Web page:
Alcatel-Lucent's application enablement
strategy, which focuses on network operators' ability to effectively develop, deliver, and monetize new applications and services relies on two distinct components: the operator's network and the relationship
between the operator and the application and content provider community.
In the second iteration
of Alcatel-Lucent's online publication, Enriching Communications
, which focused on the strength of partnerships and ecosystems in today's competitive communications environment, Carrie Hydro, Senior Director for Solutions Marketing at Alcatel-Lucent
, and Patricia Hargil, Head of Global Strategic Programs, focused on the latter half of the application enablement proposition. Specifically, they considered the implications of recent research by Alcatel-Lucent regarding how ACPs (application and content providers) view the opportunity to collaborate with network operators.
Working on the understanding that network operators are going have to rely on third-party applications
and content to drive sustainable growth and revenues, it's evident that their ability to do so lies in their willingness to provide value from their networks to their existing and future partners. However, while operators are in a position to increase the pace of service innovation, to date, the single greatest obstacle has been their ability (or willingness) to deliver a winning proposition to the ACP community.
According to Alcatel-Lucent's research, however, the opportunity
for network providers to collaborate with ACPs is very real - as long as they are willing to expose their network resources to benefit their partners. In fact, network providers were named as the second most valuable partnership opportunities by the ACP respondents, behind hosting/utility providers - and that's only because hosting providers have been a traditional resource for cost-effective, scalable capacity.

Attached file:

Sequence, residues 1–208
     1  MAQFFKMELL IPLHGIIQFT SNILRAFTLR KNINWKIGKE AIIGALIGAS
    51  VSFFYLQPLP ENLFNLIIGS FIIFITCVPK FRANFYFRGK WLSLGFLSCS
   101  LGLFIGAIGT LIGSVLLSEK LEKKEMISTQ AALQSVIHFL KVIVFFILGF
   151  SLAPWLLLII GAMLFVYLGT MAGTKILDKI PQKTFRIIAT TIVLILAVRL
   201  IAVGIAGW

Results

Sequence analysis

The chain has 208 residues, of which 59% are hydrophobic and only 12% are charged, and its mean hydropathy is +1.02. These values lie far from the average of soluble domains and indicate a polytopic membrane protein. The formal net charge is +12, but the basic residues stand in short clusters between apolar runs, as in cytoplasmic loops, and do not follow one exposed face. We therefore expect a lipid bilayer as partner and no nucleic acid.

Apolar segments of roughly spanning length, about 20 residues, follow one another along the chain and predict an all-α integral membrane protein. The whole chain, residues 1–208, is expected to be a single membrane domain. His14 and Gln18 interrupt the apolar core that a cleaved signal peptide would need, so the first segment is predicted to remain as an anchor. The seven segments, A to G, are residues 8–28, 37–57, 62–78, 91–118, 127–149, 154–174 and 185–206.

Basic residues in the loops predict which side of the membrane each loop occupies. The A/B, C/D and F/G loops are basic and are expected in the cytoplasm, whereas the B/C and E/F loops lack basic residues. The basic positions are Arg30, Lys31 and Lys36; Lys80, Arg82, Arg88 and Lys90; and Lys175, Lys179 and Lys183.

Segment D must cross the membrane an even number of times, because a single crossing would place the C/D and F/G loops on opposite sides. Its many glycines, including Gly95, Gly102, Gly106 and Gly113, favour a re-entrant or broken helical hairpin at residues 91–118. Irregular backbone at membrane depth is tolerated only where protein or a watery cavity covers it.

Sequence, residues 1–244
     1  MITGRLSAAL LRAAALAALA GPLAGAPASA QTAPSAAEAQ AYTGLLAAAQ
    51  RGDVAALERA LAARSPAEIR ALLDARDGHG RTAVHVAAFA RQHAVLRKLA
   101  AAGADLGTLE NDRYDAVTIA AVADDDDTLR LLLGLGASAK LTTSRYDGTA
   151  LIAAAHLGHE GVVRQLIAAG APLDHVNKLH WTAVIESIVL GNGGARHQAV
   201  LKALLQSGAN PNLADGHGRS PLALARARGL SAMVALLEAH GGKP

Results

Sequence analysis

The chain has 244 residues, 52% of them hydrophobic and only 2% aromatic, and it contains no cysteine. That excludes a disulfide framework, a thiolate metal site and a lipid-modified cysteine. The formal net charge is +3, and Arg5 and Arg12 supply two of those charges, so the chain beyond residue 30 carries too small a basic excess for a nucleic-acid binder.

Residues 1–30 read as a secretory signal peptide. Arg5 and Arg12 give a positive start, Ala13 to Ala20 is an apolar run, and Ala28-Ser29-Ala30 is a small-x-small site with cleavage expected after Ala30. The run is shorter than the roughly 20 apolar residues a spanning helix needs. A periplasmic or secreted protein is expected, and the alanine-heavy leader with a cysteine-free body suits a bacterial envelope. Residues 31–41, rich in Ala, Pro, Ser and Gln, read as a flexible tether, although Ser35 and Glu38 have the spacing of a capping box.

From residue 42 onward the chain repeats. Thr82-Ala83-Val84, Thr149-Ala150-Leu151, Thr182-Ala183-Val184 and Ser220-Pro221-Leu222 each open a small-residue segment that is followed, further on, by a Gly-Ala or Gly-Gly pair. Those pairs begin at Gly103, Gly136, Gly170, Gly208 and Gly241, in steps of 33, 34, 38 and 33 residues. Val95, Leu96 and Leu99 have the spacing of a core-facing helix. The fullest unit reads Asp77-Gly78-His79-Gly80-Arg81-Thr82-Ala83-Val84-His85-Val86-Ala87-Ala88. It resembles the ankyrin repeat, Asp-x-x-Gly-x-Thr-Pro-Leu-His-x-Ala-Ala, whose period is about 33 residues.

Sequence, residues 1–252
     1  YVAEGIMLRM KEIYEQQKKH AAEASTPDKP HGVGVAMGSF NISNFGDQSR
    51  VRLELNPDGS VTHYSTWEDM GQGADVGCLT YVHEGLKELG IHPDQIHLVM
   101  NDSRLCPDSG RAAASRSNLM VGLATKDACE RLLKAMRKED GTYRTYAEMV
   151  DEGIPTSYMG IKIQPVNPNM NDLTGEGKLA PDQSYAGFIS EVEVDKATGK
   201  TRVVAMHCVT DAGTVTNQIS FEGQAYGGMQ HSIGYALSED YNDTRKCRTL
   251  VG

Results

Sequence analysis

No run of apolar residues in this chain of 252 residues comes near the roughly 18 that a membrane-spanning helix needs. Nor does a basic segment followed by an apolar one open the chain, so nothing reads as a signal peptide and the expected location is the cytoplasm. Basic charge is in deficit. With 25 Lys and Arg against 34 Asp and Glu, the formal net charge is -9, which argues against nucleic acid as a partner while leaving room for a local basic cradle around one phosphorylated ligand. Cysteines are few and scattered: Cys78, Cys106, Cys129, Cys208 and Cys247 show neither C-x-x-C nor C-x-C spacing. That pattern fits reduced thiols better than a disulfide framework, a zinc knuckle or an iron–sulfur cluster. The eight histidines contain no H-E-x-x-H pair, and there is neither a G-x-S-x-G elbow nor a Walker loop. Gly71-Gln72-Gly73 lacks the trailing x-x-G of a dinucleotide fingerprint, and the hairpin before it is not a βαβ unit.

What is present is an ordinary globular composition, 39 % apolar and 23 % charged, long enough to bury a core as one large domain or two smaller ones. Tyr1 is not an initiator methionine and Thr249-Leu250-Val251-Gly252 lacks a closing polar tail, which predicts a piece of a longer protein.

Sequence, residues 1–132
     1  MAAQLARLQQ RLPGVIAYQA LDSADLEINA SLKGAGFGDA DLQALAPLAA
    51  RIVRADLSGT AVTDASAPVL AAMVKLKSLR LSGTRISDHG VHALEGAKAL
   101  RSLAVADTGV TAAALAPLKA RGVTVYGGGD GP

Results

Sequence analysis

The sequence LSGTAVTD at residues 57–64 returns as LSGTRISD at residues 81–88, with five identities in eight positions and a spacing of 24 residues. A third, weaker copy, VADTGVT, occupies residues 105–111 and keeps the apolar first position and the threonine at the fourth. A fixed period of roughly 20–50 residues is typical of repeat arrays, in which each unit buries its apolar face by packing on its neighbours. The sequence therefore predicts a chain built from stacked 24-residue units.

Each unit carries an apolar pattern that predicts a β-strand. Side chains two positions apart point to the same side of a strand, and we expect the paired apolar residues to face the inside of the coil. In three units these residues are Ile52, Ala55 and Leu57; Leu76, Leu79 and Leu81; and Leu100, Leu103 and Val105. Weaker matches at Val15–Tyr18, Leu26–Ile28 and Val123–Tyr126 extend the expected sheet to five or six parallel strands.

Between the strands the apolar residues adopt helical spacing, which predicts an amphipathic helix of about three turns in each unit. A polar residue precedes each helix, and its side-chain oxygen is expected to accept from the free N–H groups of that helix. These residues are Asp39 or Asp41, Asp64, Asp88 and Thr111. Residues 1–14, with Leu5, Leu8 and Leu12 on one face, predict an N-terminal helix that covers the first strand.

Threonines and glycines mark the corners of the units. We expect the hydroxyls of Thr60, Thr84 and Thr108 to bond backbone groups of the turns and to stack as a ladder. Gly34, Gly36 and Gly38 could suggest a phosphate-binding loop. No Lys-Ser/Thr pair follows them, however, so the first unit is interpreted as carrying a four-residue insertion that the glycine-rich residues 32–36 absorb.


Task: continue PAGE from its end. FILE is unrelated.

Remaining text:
Network providers, however, have potential to move to the top of the list because of the potential value that rests in their networks. Their ability to leverage that value rests not in capital investment, but in accepting that allowing access to network resources, like subscriber data, Quality of Service, security, bandwidth, and more.
By offering their partners access to their network intelligence, network operators can foster a more trusting, more equitable relationship with ACPs, prompting them to not only develop more applications and content faster
, but to tailor them to targeted subscribers, creating a more viable and predictable revenue model.
That's not to say that infrastructure investment will not be required - moving to what Alcatel-Lucent calls high leverage networks
will enable network providers to scale effectively as they cultivate new relationships, add new subscribers, and introduce new applications and services. Alcatel-Lucent pegged the ACP market in 2008 at about $800 billion, with double-digit growth expected, so naturally, some infrastructure enhancements will be required (that much is, perhaps, self evident based on the growth of the global smartphone market and the increase in data-intensive applications resulting from the introduction of the iPhone and other similar devices in the past two years.
Thus, in order to offset infrastructure costs, network providers will have to collaborate more effectively with their ACP partners to ensure they have access to a wide range of sticky services and can deliver a differentiated, high-quality user experience
For more on the evolving relationship between network providers and application and content providers, read the complete article, Application/Content Provider and Network Provider Cooperation Drives Innovation and Value for All.